• The ripened cream is churned to separate butter grains and buttermilk. Depending upon the equipment the buttermilk may be continuously drained off or in batch when the butter grains reach a specified size.
  • After churning the butter is worked to obtain a continuous fat consistency.
  • If required the butter is salted and worked to ensure uniform consistency of the salt.
  • The finished butter is then fed to the filler for packaging
  • The filled packages are put into inner packs, cases, and then pallets and then to cold storage.

As we review the process steps for butter we can see multiple by-products including skim milk and butter milk.  The recipe in an adequate system would handle the by-products, capture the additional ingredients including live bacteria etc and final packaging in a variety of sku’s.  Through the full process traceability would be maintained via lots and batch control.  A typical one size fits all system will not support these requirements.

Butter is a rapid process when compared to hard cheese production. For example, Parmesan Cheese from start to finish requires over a year.  The concept of production orders or WIP inventory being in place across multiple accounting periods and years is not something most standard ERP systems can accommodate. According to Parmesan.com, the key steps to produce real Parmesan cheese include:

  • Collecting evening milk
  • Skimming and addition of morning milk
  • Whey addition to starts the cheese making
  • Natural Rennet addition
  • Curds breakup
  • Cooking and Knitting
  • Muslin wrapping of curd masses
  • Cheese drying
  • Transfer to wooden forms
  • Brining
  • Aging
  • Packaging

Dairy Products Solutions for Improved Operations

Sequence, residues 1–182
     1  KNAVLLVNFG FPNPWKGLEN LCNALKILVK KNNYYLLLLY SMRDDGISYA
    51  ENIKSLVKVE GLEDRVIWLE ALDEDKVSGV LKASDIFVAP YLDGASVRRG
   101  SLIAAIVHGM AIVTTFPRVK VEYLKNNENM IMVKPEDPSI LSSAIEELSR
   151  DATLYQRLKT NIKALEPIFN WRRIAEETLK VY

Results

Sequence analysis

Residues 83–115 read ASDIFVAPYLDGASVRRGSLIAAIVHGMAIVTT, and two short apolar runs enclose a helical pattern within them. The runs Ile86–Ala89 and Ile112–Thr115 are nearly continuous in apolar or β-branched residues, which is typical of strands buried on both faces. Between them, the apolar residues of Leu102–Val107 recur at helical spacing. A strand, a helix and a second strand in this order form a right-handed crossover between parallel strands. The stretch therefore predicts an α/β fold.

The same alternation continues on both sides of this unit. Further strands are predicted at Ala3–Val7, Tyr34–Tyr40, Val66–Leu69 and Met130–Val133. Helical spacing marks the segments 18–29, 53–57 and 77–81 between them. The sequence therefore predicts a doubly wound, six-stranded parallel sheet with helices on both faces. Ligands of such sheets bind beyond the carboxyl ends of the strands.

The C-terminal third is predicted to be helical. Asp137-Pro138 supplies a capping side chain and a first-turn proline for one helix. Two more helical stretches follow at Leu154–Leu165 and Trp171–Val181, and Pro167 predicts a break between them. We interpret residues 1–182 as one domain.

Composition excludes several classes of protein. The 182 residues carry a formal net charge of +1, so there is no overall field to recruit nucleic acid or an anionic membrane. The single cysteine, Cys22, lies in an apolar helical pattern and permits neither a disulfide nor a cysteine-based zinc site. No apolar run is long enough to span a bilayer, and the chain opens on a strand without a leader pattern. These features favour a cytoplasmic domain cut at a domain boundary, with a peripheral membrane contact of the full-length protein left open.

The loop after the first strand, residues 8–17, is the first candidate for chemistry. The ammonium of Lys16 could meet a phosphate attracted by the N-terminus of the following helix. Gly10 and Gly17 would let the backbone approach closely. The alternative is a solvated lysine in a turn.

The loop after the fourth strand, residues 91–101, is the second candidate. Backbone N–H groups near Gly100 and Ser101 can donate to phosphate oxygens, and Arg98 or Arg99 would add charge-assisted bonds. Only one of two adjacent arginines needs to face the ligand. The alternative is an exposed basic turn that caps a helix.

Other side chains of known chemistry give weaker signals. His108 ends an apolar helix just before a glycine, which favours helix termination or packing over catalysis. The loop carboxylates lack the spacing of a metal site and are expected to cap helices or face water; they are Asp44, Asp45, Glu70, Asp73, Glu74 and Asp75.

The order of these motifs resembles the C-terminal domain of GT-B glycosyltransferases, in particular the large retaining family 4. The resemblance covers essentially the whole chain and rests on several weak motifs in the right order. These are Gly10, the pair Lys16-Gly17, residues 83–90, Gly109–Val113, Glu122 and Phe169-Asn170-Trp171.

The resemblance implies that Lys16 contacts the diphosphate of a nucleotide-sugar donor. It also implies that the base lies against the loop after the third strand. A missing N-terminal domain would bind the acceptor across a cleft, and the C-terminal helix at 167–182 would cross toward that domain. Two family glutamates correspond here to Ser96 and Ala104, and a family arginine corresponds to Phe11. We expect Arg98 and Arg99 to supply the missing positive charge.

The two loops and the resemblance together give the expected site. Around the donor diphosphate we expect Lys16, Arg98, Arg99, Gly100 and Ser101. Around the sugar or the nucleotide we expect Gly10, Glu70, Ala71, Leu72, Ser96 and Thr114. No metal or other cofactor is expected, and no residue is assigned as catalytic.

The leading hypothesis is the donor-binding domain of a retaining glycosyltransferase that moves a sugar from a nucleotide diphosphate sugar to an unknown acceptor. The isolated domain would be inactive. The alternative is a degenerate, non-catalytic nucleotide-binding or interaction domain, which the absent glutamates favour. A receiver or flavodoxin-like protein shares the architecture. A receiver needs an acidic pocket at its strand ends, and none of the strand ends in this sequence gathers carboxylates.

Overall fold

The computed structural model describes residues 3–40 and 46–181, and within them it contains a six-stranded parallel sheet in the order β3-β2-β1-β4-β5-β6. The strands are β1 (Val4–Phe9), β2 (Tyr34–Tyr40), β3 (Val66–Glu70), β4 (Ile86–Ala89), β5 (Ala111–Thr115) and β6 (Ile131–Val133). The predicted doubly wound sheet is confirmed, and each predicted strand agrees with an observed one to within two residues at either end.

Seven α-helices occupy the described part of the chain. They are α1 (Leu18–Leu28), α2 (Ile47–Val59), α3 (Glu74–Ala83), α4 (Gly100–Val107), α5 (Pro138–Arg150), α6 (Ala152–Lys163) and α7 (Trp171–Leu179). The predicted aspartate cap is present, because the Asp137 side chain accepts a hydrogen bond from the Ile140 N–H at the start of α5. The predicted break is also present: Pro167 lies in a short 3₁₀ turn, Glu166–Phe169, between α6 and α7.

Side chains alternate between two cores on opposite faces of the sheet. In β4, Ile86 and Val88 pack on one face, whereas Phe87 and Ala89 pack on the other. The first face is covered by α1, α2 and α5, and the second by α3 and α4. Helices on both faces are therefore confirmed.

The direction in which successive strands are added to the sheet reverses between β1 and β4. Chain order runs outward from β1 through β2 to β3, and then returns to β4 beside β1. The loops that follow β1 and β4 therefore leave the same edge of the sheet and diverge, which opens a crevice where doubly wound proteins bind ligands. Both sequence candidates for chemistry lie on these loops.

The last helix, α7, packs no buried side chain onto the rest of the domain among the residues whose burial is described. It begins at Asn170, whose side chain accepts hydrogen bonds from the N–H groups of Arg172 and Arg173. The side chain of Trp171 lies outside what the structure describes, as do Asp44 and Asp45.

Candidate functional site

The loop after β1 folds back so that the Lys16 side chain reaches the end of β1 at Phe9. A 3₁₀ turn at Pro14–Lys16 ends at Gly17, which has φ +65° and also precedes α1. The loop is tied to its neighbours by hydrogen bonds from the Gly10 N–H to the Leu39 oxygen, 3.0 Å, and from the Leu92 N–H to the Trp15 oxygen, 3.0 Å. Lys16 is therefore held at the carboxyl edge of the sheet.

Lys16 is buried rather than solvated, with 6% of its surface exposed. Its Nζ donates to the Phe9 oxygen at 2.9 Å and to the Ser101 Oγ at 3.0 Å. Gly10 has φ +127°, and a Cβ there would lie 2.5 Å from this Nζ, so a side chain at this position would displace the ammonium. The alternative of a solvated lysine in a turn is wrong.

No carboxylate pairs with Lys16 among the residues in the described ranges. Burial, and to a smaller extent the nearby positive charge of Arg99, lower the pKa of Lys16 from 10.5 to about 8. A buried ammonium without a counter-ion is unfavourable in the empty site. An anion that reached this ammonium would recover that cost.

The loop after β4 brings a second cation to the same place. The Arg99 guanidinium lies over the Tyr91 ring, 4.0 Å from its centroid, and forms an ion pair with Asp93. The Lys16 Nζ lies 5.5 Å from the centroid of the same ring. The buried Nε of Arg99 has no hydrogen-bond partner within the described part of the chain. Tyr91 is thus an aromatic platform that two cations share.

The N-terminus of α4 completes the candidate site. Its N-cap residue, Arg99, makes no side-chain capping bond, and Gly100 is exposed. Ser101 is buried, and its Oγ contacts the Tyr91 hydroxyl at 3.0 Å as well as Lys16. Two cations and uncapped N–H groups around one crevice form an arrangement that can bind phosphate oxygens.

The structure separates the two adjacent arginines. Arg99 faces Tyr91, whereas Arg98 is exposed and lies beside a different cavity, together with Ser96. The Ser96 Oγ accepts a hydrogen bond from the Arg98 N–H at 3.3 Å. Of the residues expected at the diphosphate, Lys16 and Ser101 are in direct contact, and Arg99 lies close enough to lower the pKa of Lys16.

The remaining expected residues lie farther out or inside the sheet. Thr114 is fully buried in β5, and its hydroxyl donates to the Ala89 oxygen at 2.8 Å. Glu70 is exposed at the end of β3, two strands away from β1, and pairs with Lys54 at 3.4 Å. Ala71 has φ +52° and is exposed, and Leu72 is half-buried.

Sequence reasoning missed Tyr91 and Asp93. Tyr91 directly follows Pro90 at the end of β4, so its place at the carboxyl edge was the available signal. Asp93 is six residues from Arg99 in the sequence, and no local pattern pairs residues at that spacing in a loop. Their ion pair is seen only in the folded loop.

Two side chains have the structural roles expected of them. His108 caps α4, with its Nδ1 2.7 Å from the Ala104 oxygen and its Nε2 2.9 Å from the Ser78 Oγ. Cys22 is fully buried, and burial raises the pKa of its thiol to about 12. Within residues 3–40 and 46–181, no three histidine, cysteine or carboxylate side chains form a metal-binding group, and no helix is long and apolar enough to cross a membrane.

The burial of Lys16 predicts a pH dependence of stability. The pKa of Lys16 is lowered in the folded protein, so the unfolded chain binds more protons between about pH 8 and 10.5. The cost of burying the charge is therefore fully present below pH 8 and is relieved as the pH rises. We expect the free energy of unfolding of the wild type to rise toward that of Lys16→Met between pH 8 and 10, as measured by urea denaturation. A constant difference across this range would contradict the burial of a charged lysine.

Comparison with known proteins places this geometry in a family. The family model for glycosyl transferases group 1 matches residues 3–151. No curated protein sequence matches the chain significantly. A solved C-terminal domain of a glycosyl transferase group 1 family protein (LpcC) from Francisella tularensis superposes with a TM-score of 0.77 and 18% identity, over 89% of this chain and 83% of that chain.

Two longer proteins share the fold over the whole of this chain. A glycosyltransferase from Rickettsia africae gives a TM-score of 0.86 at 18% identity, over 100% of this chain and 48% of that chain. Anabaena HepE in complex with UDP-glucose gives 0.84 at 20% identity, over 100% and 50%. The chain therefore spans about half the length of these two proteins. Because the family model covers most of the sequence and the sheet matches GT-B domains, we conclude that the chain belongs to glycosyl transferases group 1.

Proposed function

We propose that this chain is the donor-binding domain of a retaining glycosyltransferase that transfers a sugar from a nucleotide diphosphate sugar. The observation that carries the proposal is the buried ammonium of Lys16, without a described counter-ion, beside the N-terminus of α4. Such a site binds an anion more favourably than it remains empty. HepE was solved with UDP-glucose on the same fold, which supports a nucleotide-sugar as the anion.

Whether it is crafting targeted solutions to specific operational issues or helping to improve the processes of the entire supply chain, Adroit understands the unique challenges of high-volume dairy products production. 

The manufacturing process is typically a combination of front-end batch processes and continuous runs producing discrete units. As dairy processing scales up and the number of unique formulations and packaging configurations increase, so does the operational management challenge.

In many cases, we can help understand how a dairy products information system can be leveraged to meet key challenges, including: 

  • Developing cohesive sales, operations, and finance plan (SOP Planning) with accurate forecasts, production capacities, inventory inclusive of distribution pipeline and planned expiration, and financial metrics.
  • Managing formulations and recipes via spreadsheets becomes unmanageable.
  • Understanding yields and unit costs
  • Integrating insights into production including environmental factors such as humidity, temperature, and vibration
  • Determining trends across batches and production runs.
  • Eliminating manual and labor-intensive traceability
  • Assessing production software system fit to the required batch and continuous processes
  • Complying with GFSI food safety schema, such as SQF, supported by independent record keeping and plans